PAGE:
The pair received awards from a number of groups and political parties from across the political spectrum in Bahrain, even from the king himself. Dr al-Ekri recalled the king saying, during an award reception, that it was a “brave act for all of Bahrain” and that he would not have let the two go to Gaza had they asked because they are “my sons”.
Then and now
Two years later, Dr al-Ekri was again called to duty in what he describes as another “wartime” situation.
Hundreds of thousands of Bahrainis marched in the streets of Manama and other cities around the country calling for reform. A protester was killed on the first day of protest, February 14, by birdshot fired at close range. The body was brought to Manama’s Salmaniyah hospital, where al-Ekri worked.
One day later, a second protester was killed, also by birdshot, when clashes broke out at the funeral of the first. “We thought that was it,” al-Ekri said. “That, after that, the killing would be over.”
Similar to protesters in Cairo’s Tahrir Square, protesters in Bahrain staged at a sit-in at the now-destroyed Pearl roundabout. They managed to stay for three days, before police and army moved in to clear the square. Four people were killed, including one protester who was shot in the head at very close range.
“Despite the heavy weaponry of the Israeli military,” al-Ekri said, “I had never seen this type of injury in Gaza. I’d never seen brain matter exposed.”
After receiving the casualties, Dr al-Ekri and other doctors noticed that, all of a sudden, ambulances stopped coming. He said they wondered what was going on when “civilians started bringing the injured in their cars, not in ambulances”.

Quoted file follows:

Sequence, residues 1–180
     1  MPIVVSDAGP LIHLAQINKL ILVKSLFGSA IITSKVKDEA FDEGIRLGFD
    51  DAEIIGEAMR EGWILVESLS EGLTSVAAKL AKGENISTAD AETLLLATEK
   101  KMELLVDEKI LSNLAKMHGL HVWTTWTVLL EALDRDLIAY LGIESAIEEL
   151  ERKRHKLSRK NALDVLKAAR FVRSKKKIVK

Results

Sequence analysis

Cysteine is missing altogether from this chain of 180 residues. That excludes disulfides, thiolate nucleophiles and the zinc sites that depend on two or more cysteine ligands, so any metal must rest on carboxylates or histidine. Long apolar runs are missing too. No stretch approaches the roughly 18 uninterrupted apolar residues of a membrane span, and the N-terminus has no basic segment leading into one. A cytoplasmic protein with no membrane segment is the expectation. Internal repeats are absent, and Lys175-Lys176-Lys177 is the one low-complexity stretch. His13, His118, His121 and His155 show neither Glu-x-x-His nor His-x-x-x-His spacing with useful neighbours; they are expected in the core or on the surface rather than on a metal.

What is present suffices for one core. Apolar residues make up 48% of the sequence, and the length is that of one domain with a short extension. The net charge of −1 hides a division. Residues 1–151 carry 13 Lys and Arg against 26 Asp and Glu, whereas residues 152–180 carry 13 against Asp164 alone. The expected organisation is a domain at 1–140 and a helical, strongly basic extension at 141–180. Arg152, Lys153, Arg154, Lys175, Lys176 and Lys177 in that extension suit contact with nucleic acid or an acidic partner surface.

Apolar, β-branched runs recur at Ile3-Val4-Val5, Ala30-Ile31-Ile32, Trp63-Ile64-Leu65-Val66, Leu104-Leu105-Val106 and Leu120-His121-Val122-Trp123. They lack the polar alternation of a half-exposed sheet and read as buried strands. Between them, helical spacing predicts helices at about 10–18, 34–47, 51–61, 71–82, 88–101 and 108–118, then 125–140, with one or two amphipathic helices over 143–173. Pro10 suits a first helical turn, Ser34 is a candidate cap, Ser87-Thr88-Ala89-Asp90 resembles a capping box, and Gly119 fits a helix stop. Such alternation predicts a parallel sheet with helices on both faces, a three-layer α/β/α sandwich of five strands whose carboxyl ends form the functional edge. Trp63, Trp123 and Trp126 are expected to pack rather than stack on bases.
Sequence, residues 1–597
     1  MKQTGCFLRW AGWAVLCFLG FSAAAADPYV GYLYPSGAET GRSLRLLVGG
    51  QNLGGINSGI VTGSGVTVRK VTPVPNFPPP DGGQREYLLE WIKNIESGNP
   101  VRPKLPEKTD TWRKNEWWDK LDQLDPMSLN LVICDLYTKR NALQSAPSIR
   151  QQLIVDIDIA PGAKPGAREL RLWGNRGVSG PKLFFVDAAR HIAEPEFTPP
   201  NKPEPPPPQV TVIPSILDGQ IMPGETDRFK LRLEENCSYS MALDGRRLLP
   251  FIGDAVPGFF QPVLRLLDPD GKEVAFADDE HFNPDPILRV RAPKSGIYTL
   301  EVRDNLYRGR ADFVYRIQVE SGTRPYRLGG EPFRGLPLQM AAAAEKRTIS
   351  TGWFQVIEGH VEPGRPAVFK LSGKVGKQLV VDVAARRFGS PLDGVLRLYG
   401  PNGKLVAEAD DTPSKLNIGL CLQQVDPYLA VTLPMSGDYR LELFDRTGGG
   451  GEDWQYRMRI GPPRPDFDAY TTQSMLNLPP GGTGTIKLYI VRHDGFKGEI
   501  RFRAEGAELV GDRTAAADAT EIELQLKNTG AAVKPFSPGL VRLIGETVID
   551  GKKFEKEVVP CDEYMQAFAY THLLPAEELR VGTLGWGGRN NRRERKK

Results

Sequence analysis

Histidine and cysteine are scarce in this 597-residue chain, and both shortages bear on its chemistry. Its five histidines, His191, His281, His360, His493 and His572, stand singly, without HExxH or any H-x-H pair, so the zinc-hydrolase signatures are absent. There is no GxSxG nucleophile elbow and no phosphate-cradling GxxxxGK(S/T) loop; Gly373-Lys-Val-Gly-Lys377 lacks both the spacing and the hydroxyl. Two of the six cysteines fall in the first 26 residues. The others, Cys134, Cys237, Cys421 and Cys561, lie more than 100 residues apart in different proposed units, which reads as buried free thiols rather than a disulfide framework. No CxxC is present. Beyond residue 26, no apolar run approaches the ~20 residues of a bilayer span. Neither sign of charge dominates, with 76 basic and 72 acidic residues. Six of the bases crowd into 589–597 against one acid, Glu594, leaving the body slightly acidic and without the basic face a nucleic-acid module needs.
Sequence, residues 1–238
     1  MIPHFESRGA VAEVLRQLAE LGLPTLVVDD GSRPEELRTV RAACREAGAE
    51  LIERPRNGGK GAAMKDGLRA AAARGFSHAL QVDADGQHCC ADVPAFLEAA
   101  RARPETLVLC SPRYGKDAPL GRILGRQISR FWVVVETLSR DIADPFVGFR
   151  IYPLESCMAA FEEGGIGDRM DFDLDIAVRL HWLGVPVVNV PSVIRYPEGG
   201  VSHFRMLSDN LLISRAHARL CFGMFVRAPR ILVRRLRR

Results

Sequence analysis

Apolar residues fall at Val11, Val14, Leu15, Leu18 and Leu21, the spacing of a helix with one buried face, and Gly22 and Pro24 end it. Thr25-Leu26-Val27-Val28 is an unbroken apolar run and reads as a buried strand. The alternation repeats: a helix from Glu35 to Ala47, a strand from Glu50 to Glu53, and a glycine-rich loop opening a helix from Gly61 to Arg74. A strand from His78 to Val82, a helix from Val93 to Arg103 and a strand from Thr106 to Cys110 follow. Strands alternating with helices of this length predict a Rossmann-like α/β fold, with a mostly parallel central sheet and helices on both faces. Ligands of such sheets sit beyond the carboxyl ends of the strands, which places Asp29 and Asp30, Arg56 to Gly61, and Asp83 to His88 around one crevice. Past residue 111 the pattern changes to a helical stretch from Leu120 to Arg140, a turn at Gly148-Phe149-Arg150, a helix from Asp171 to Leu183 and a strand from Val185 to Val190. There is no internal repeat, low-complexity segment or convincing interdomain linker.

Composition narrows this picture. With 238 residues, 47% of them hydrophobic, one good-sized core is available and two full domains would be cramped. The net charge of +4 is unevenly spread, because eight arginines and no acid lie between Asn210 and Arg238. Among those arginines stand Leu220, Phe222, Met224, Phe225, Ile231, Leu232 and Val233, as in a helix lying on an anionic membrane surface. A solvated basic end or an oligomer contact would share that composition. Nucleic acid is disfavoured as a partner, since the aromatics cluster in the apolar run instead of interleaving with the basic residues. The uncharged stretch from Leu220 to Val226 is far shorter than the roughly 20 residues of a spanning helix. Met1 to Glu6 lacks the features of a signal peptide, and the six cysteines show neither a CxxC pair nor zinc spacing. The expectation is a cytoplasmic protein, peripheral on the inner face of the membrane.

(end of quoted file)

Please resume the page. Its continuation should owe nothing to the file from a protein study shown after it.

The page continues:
They began hearing news that ambulances were being diverted away from Salamniyah hospital, and their drivers detained. “That day we expressed our anger and frustration near the gate of [the] ambulance area, calling for ambulances to show up, and for the minister of health to show up – and then for his resignation.”
Sit-in at the hospital
Dr al-Ekri speaks to Al Jazeera in early March
Also that day, thousands of relatives came to Salamaniyah, searching for loved ones who were cleared away from the roundabout. The families ended up staging a sit-in, where they continued their chants against the regime.
Some of the doctors at Salmaniyah, including Dr al-Ekri, tried to talk to the protesters about not staying outside the hospital that should be kept for the sick and injured. They wouldn’t listen to anyone, he said.
Two days later, on February 19, text messages circulated calling for a return to the roundabout. Dr al-Ekri and others organised reinforcements for the hospitals so they could be prepared. More than 40 doctors not on call came to volunteer that day.
However, the crown prince called on the army to pull back and protesters again returned to the roundabout largely without incident.
The protests remained relatively calm until for the next few weeks, until protesters tried to block the streets of Manama’s financial harbour on March 13. This was followed by the government’s invitation for Saudi Arabia to intervene in helping to quell the uprising, when thousands of troops subsequently crossed the causeway into Bahrain. Martial law was declared on March 15 and Salmaniyah was placed under a tight military lockdown – no one allowed to enter or leave the hospital.
On March 16, the hospital was raided by armed troops. Dr al-Ekri suspects they would have arrested him then, had he not been in the operating theatre. The following day, March 17, he was taking a break after operating on a protester’s pelvic fracture when the soldiers returned and took him.
He was taken to a few different detention centres, he said, including one where he was kept in solitary confinement for two weeks. Dr Al-Ekri said he was tortured and beaten in that time, and during one interrogation he lost consciousness four or five times.
“They wanted me to confess to things like having weapons, killing patients, depriving patients of care, occupying the hospital,” he said.
“Blinded and handcuffed, I confessed in the third week without seeing a lawyer or my loved ones.” They released his handcuff for a moment only to sign a piece of paper that he could not even see.